Kate’s Picks

Book: “Don’t Fear the Reaper” by Stephen Graham Jones

Publication Date: February 7, 2023

Why I’m Interested: The first and obvious reason is that I love Stephen Graham Jones and think he is a genius and a horror master. The second is that I am VERY happy that he has decided to continue his Jade Daniels series, which he started with “My Heart Is A Chainsaw”. Love Jones’s love for all things horror, and love how much he deep dives into the genre and just turns it on its head. In “Don’t Fear The Reaper” Jade has left prison behind after being released, and is returning to Proofrock. Just when another horror movie situation has started to unfold, as an escaped serial killer has descended on the town during the snow storm. While Jade doesn’t want to be bound to horror anymore, she will have to tap into her suppressed knowledge if she wants to survive. LET’S GOOOOOO!

Book: “She Is a Haunting” by Trang Thanh Tran

Publication Date: February 28, 2023

Why I’m Interested: Ghost stories are always my jam, and this one popped up in my mailbox and grabbed by attention almost immediately. I mean sheesh, look at that cover! And I also love a ghost story that takes on greater themes like grief, broken families, and colonialism, and this sounds like it’s teeming with all of that. When Jade (another Jade!) returns to her ancestral home of Vietnam to visit her father (with whom she has a troubled relationship), she thinks the worst thing is going to be the awkwardness. But when she settles into the mid-restoration French colonial home, it’s clear that something is wrong with the house. From visions of ghostly brides to the unnerving feeling of insects everywhere, Jade is convinced something is wrong. Though her family doesn’t believe her, she knows she needs to unearth the house’s secrets to save her loved ones. How creepy. I’m IN.

Book: “Spite House” by Johnny Compton

Publication Date: February 7, 2023

Why I’m Interested: Another haunted house story! And this was one that was jumping all over my various social media feeds, and the hype really caught my eye. Eric and his daughters Dess and Stacy are traveling in their car back to his home state of Texas, fleeing from a mysterious past and trying to stay together in spite of the tension and dwindling funds. So when Eric sees an employment ad that is looking for a caretaker of a local house, that happens to be notoriously haunted, he jumps at the chance, agreeing to help the elderly owner find some evidence of any kind of supernatural activity. But once he and his daughters move in, things start happening, and they realize that this slightly creepy job is actually a nightmare. Two haunted house stories this month, how lucky are we?

What books are you looking forward to this month? Let us know in the comments!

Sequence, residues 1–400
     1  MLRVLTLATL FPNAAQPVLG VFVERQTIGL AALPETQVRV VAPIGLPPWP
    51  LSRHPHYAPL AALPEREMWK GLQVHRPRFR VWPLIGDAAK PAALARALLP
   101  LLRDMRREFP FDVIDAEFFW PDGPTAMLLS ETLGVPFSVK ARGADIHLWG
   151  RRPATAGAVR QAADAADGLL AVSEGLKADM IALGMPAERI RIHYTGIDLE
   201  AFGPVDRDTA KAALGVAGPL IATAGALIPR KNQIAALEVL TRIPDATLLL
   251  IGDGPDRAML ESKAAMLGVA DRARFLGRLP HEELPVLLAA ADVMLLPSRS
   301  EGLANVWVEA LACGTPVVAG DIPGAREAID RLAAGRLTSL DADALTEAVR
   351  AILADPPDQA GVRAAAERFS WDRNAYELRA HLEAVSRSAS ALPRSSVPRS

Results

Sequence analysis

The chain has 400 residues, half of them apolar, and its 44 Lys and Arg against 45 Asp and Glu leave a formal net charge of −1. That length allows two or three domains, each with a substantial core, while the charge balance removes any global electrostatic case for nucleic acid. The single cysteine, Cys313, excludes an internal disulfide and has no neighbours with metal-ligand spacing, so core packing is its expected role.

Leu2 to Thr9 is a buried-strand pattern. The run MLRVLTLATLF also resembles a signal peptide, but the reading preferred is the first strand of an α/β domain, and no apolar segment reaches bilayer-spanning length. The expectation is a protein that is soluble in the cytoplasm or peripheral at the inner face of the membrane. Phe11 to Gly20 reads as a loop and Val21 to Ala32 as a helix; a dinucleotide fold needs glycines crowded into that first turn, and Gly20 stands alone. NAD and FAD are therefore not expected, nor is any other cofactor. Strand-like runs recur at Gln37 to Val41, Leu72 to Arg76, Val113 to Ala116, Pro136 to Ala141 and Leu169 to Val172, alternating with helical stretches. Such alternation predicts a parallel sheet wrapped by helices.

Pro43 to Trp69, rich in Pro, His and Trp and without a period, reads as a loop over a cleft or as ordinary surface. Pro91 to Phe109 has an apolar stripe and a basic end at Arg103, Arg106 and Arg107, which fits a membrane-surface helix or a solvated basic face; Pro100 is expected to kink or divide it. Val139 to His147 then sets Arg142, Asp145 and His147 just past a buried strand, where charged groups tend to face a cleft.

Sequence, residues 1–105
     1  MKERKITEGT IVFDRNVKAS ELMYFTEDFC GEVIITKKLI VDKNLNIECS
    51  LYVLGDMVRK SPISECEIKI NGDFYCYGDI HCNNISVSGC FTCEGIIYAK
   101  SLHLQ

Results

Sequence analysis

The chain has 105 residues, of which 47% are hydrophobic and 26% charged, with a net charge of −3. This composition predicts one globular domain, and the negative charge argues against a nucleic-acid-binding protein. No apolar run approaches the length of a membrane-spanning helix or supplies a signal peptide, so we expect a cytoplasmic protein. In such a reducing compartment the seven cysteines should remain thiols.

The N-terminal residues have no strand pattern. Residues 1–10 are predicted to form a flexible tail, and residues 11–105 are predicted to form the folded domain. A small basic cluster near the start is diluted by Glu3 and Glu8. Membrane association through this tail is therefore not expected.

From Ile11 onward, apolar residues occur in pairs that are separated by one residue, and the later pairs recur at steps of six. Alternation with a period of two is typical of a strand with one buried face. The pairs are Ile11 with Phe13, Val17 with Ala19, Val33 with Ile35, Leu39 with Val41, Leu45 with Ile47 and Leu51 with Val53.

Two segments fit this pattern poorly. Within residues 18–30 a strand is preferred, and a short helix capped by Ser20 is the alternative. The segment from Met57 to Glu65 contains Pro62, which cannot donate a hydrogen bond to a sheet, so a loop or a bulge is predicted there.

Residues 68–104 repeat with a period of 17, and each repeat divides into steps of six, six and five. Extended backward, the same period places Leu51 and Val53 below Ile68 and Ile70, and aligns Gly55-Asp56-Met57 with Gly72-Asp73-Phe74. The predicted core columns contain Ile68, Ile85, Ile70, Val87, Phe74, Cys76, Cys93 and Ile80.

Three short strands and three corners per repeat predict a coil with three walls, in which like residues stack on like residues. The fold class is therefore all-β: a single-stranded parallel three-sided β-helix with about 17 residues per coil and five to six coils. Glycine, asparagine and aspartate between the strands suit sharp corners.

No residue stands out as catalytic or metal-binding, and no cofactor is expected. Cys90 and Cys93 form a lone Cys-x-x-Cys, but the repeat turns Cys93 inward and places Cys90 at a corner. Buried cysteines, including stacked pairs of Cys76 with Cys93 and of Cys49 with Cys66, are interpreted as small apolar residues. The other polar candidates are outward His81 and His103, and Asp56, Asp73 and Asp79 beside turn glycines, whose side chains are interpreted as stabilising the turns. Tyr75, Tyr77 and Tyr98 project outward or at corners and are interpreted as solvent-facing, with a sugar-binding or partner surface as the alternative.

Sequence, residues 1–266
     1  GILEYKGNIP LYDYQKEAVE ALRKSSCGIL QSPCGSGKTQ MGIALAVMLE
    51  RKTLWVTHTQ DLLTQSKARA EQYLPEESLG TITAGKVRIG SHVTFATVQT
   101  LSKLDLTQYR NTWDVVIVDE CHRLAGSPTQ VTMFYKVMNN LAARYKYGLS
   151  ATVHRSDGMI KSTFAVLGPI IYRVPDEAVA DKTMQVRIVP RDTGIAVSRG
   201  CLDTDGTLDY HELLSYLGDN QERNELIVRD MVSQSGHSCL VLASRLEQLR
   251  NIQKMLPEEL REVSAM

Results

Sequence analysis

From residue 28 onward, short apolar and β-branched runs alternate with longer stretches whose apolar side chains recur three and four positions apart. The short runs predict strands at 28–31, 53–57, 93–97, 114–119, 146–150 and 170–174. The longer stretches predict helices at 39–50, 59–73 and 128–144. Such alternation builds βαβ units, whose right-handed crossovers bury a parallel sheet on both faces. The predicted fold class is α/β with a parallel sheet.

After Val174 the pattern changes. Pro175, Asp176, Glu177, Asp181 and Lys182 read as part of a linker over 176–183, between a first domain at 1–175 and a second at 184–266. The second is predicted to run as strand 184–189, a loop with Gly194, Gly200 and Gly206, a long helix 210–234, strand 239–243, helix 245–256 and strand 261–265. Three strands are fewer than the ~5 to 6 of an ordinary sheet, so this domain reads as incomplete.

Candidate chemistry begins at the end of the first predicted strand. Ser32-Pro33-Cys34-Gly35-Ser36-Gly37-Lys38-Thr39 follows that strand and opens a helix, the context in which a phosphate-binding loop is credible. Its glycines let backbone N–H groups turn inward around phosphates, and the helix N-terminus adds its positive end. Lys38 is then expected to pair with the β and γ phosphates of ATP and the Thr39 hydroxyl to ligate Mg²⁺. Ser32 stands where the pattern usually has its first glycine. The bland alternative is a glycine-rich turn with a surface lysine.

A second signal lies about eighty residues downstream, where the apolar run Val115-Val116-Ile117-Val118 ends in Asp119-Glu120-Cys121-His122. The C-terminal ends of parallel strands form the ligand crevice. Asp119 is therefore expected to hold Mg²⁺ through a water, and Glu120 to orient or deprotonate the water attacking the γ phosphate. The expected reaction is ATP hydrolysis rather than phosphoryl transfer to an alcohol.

Not Just Books: January 2023

While we do love us some books, believe it not, we do have a life outside of reading. So to highlight our other pop culture interests, on the last Monday of each month, we each will highlight three other “happenings” from the last month. Big events on favorite TV shows, new movies we’ve watched, old movies we’ve “discovered,” etc. Pretty much whatever we found of particular interest outside of the book world during the last month. Share your own favorite things in the comments!

Serena’s Picks

Movie: “Glass Onion: A Knives Out Mystery”

Count my husband and I in the group of people whose money Netflix lost by only releasing this movie in theaters for one weekend! I’m not sure what went on behind this poorly thought out decision, but I hope all the dollars they left on the table remind them that yes, some people still do want to actually go out to the theater! I mean, at this point, any excuse to escape my children sounds good. But the opportunity to watch a smart, hilarious, murder mystery as well? Definitely! Ah well. We still watched on Netflix the Friday it was released and enjoyed the heck out of it. Fans of the first movie are sure to love this one, as will those who are first timers to “Knives Out.”

Netflix Show: “The Recruit”

From a sure bet to a very questionable new release. Questionable because I really couldn’t tell what I was getting into after watching the trailer. Is this an action show? A comedy? Are we supposed to like this kind of ridiculous dude bro who seems to be a walking, talking 20-something stereotype? Well, yes to all of the above. And you have to give all the credit to Noah Centineo for this one. As I said, this is a character who you really should dislike. But Centineo’s charm and douchey charisma (is that a thing??) carry the entire thing. You find yourself rooting for this bumbling guy who seems to stumble from one disaster to another. I did struggle towards the end when one of the main female characters made some decisions that truly catapulted her into “too stupid to live” territory, but, again, my investment in Centineo’s character ultimately won me over.

TV Show: “Veronica Mars”

Yes, yes, I’m admitting to be very late to this show. Not only did I not watch it when it was originally on, but I really wasn’t even aware it was a thing until fairly recently when I went down a Kristen Bell rabbit hole and discovered it in her back catalog. I’ll also admit that I watched the first half of the first season over several months, still not understanding what all the fuss was about. And then Logan and Veronica kissed, and my little shipping heart was all in. Yes, I’m also unfortunately spoiled for the end, but that just means I can very tidily turn of my viewing experience before any…unpleasantness ruins my “happily ever after.”